Arizona regulators approve $2B SunZia power line over objections from greens
- The Arizona Corporation Commission (ACC) voted 3-2 on Thursday to approve construction of the SunZia Southwest Transmission Project even though it will traverse the environmentally sensitive San Pedro River Valley. The line will deliver high-value New Mexico wind and Arizona solar to cities in California and Arizona
- Commissioners Andy Tobin, Bob Stump, and Bob Burns agreed the benefits of the 515 mile, $2 billion project outweigh arguments that the two 500-kilovolt alternating current (AC) lines with a carrying capacity of 3,000 MW could be used to deliver fossil fuel-generated power and could do harm to the river valley.
- The 10-year effort by SunZia backers to secure permits now moves to New Mexico, where the line would originate. Global renewables developer SunEdison has committed to use half the line’s capacity to deliver power from its planned Gallo Wind Project in New Mexico to off-takers in Arizona and California.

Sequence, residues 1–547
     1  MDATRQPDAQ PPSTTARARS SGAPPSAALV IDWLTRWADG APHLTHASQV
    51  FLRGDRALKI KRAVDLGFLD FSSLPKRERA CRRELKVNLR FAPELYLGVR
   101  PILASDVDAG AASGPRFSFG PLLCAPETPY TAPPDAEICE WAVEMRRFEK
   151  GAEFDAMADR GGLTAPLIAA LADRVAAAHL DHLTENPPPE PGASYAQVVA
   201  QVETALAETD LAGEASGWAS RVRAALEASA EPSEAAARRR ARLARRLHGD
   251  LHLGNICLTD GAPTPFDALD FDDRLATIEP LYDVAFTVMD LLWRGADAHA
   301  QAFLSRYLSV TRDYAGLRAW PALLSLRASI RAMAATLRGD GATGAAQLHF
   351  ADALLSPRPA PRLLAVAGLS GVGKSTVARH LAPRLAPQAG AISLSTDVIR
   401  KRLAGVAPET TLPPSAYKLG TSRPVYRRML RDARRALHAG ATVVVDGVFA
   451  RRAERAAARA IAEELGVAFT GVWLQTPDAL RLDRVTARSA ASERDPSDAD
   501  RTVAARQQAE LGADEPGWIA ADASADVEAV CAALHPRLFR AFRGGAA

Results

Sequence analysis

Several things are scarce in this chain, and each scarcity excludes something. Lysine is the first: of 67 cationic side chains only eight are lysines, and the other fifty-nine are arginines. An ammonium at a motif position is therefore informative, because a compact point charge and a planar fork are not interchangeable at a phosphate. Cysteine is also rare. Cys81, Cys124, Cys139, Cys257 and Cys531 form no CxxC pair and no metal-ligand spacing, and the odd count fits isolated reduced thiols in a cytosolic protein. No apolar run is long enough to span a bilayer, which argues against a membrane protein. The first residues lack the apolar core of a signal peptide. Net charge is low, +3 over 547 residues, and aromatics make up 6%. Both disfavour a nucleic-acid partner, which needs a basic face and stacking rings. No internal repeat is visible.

Part of the reason opponents fear the line will ultimately be used to transport fossil fuel-generated power is that the project is being built by a consortium that includes Southwestern Power Group II, a natural gas plant developer, and Tri-State Generation and Transmission Association, a developer of coal, natural gas, wind, and solar plants.
Activists are also concerned about the line’s proximity to a natural gas power plant planned by the Southwestern Power Group.
ACC Chair Doug Little and Commissioner Tom Forese opposed the transmission line approval, along with environmentalists who accept the need for new transmission but believe the route selected by the Bureau of Land Management (BLM) fails to balance the need to deliver renewables with “unacceptable impacts” to the environment.
In their decision, the three affirming ACC commissioners decided the project strikes the appropriate balance between ecological protection and the need for more reneawble generation. Commissioner Burns argued it will reduce water use for power generation in Arizona, a critical issue in the drought-strapped Southwest.
- Arizona Daily Star Arizona regulators OK SunZia power lines